Oh, those "investments"

It used to be called "government spending," or just plain "pork," but nowadays the politicians like to call it "investments." That euphemism is all over the place this week. Oregon's senators, Merkley and Wyden, are strutting around bragging about how much federal money they've managed to steer the state's way through the newly revived "earmark" game in Congress.

Meanwhile, the other day the mailman dropped off at our house some taxpayer-funded campaign literature from our representative in the state House of Representatives, Tawna Sanchez. In it, she babbles on about her many accomplishments in the legislative session just finished, but it's pretty much nothing but one "investment" after another.

House Democrats worked to... invest in community saftety and violence prevention... The legislator [sic] supported a $300 million investment to address homelessness and connect people with shelter and critical services, build on investments to increase the supply of affordable housing... We also supported investments to help our youth experiencing homelessness... This short session the legislator [OMG, somebody please tell her] supported a $300 million investment to make our schools stronger... We also supported over $200 million in investments in career pathways and programs to retain and attract workers in critical sectors... Investing in Communit Safety & Violence Prevention... Investment in Childcare...

On and on it goes. These people seem to think that throwing money around is the extent of their jobs. There's never a mention of any sort of actual results, or any gauges of success or failure. They just spend other people's money, and declare "mission accomplished."

The same thing happened the other day when a reporter buttonholed the governor, Killer Kate, and asked her what she has been doing to stop all the shootings and murder in the state's cities, particularly Portland. Here's the answer she got:

Somebody needs to break the news to the politicians that their job is not just to write checks. Their job is to govern, which means getting results. They seem to have never heard of the concept.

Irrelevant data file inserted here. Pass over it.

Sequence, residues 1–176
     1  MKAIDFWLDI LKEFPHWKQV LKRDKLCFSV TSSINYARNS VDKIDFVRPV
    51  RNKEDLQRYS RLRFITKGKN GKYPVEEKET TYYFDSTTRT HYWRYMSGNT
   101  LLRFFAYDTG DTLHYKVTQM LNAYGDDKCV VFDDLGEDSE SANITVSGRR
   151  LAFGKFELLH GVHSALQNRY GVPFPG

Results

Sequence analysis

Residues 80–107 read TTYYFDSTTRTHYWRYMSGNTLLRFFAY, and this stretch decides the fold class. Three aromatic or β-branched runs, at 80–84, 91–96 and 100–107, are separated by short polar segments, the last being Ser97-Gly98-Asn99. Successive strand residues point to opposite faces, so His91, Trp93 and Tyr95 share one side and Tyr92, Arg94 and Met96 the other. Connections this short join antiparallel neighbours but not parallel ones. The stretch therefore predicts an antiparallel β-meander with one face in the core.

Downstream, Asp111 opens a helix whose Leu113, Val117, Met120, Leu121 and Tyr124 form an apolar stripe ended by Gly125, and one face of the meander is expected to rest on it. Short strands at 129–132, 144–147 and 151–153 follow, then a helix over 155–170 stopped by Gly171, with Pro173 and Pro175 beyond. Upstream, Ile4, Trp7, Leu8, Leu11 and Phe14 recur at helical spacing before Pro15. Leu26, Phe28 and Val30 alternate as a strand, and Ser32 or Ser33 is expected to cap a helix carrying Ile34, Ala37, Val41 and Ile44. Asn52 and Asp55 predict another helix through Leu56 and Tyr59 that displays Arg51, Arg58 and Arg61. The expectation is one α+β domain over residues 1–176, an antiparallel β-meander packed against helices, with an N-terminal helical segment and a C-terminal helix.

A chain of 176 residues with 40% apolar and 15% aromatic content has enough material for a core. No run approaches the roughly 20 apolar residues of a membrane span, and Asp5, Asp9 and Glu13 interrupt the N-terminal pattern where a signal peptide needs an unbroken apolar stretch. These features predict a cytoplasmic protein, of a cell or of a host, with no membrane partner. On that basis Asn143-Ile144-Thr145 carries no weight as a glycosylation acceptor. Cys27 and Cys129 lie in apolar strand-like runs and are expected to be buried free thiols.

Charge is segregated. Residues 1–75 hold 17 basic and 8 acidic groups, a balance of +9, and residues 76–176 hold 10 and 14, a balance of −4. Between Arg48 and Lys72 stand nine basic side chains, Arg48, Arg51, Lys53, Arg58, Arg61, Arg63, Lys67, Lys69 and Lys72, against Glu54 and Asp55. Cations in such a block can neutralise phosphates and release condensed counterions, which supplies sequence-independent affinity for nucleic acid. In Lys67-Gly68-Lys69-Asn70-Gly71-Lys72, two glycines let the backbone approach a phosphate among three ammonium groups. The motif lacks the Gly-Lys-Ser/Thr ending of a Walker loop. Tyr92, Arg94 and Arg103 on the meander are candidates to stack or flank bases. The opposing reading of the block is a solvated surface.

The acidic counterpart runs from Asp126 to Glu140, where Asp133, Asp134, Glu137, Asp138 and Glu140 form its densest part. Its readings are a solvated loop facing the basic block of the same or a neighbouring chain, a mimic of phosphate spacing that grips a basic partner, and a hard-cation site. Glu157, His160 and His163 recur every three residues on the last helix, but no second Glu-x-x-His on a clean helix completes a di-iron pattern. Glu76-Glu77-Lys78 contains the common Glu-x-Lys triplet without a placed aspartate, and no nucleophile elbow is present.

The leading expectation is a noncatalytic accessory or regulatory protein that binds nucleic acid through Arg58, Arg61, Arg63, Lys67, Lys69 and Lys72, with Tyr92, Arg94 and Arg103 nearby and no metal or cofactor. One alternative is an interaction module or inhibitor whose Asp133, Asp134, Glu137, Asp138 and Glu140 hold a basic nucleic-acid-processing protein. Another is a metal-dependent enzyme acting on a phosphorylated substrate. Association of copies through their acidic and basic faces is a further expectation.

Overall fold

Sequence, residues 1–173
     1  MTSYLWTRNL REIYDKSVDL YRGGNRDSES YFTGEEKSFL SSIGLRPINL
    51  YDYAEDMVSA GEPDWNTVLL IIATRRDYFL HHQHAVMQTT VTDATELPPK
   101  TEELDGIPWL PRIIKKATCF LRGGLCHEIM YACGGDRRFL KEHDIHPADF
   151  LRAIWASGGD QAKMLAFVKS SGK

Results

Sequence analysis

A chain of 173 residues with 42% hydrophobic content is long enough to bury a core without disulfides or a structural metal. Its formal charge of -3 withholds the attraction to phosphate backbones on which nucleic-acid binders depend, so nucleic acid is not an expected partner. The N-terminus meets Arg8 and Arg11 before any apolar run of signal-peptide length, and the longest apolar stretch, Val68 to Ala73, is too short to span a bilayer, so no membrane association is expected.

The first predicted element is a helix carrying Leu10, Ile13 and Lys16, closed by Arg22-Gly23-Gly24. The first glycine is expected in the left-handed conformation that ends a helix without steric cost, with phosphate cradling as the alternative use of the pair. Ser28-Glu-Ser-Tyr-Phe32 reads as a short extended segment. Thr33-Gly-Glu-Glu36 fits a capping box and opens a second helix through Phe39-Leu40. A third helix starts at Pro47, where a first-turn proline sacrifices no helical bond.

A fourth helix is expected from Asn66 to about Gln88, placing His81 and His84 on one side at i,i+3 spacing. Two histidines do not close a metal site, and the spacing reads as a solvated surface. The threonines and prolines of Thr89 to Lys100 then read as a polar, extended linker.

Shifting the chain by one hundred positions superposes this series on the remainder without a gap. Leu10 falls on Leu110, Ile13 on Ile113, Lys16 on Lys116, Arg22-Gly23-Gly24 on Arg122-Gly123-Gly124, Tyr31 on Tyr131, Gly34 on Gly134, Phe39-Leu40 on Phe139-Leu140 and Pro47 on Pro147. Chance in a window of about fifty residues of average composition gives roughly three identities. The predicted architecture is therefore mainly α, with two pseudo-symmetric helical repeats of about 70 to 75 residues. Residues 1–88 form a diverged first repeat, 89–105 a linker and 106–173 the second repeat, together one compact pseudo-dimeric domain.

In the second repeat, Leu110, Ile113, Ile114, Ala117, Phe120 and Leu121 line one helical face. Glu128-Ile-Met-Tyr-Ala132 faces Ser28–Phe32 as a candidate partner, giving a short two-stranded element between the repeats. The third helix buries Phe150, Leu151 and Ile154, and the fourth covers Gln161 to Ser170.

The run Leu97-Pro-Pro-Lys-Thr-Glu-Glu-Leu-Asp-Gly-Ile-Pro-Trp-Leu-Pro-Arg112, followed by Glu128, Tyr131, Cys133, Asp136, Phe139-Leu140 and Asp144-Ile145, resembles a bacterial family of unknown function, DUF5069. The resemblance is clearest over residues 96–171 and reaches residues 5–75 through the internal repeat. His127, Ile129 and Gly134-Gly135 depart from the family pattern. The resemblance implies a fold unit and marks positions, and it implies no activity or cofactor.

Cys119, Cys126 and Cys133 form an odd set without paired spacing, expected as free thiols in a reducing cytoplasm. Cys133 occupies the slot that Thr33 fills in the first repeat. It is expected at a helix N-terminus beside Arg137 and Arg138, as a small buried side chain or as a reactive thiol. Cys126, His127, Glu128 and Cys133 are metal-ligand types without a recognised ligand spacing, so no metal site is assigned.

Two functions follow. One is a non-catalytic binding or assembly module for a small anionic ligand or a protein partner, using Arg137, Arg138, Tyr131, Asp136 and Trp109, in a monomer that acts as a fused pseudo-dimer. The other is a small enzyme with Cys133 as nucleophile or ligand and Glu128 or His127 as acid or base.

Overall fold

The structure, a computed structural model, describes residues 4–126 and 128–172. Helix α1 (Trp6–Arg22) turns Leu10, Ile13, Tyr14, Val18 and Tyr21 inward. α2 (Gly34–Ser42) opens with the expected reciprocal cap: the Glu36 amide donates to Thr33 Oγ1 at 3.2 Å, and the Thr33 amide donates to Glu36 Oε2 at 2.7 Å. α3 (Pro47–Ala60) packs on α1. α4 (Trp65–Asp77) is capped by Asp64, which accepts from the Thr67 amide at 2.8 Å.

1. So tired of liberal Democrats thinking they know how to run a government. They have completely failed at almost every level. Not saying the opposite is the answer, but can we please start electing people that have pragmatic solutions and experience running a profitable business?

    1. The problem with that is that, most of what government does where “experience running a profitable business” would be an asset is the kinds of thing that government shouldn’t be doing at all, and most of what government is doing that it should be doing is in no way about (and should not be confused with) profit seeking.

      People don’t like to hear it or think about it, but government is not a business, because businesses drop unprofitable lines of business, and they don’t serve everyone based on the idea that every customer has the same worth and is deserving of of the same respect. Doesn’t mean that people in government shouldn’t be folks who are drawn to measurement of results, accountability, etc., but it does mean that “profit” is not just not a helpful metric when evaluating government services, it’s actively destructive.

  2. Portland's brand of liberal democrat are like the current brand of 'conservative republicans' Their politics are not so much the issue as their lack of intelligence and mental stability. I'm a registered demoncrat but only in Oregon do I on occasion vote repuglican.

  3. The House Majority Office writes these scripts for them. It's pretty bleak.


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